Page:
Text Only
Accessibility Options
Default Text Size icon Large Text Size icon Largest Text Size icon
settings
Set your Postcode This will personalise pages such as news, events and PCC Priorities with the latest info from your area.

Life as a PCSO

Posted: Friday 26th July 2019
Blog: July
I have been a Police Community Support Officer (PCOS) for almost 15 years! Before I became a PCSO, I was a farmer’s wife and my days were spent working on the farm as well as raising livestock and a family.

As my family become more independent, I worked in a local veterinary practice as a Vet Nurse and I assisted with surgery on both large and small animals.

When I saw the PCSO role advertised, I thought: “I could do that!” Over a year later, I found out I had been accepted and a position in Taunton was waiting for me.

During the first few years of being a PCSO, I covered Bishops Hull, Trull, Galmington and Comeytrowe as well as being responsible for the beat areas of Bishops Lydeard and Cotford St Luke.

Around eight years ago, I moved to the Minehead area and took responsibility for Watchet, Wiliton and a large remote area covering Blur Anchor and Old Cleeve across to Roadwater, Stogumber, Crowcombe, Stogursey and Hinkley Point.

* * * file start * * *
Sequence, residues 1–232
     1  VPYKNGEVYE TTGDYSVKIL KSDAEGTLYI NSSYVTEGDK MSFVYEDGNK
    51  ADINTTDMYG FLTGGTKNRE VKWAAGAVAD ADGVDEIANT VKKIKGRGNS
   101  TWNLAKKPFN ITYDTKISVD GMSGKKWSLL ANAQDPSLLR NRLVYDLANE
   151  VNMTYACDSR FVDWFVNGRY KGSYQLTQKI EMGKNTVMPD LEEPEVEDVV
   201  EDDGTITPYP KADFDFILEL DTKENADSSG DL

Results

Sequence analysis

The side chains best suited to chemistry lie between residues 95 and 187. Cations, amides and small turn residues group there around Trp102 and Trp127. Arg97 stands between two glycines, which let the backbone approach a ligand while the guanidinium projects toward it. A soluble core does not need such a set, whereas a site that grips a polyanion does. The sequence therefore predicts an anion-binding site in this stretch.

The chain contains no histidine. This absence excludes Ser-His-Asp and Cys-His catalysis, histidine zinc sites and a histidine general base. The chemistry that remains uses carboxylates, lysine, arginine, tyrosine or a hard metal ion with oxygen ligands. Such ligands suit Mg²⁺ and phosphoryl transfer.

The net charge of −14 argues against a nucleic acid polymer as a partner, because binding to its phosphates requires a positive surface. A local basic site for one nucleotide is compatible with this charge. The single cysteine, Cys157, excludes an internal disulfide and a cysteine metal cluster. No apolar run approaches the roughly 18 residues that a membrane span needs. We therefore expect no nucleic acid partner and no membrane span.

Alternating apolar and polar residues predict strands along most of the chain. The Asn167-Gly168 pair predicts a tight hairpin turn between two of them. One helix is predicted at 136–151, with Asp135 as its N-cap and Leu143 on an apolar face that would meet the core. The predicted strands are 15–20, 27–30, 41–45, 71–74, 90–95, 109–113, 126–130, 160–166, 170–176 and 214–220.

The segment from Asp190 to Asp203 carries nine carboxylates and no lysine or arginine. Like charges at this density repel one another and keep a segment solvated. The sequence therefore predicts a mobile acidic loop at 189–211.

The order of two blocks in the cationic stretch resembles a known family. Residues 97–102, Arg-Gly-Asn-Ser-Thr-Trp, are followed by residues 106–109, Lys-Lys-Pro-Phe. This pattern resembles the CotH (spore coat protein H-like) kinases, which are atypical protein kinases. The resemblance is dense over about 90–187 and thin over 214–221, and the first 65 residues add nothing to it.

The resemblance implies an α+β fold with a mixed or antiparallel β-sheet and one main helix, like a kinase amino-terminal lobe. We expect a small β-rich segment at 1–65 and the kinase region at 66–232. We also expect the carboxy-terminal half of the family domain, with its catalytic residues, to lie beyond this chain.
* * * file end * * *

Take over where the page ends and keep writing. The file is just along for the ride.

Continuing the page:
In this job, no two days are the same. Even when I try and plan my working week, you never quite know what you will come across, which I absolutely love! The beat I cover has a huge variety of issues to tackle including rural non-dwelling burglaries, social isolation, domestic violence, antisocial behaviour, youth related issues and everything in between, but it’s great to be making a difference to the community.

As with all jobs, there are frustrations, but by and large, the role of a PCSO is brilliant. It can be challenging, demanding and both mentally and physically exhausting. However, when you identify a vulnerable person you are able to help or someone in the depth of despair suffering a mental health crisis and you are able to help that person, it is a really rewarding job.

To anyone considering the role of PCSO, I would fully encourage them to “have a go!” If you make yourself known to as many local people as possible, engage with community groups to get out there and be seen, the work will come to you. There is nothing more rewarding than finding a small nugget of intelligence that you can work on and construct up over time, to see warrants executed and criminal activity disrupted. It is fantastic to see such an enormous positive effect on a community, the job satisfaction is second to none!

 

 

PCSO recruitment is now open, find out more and how to apply here.  Recruitment closes at midnight on Sunday 28th July. 

 
 
 
Powered by Contensis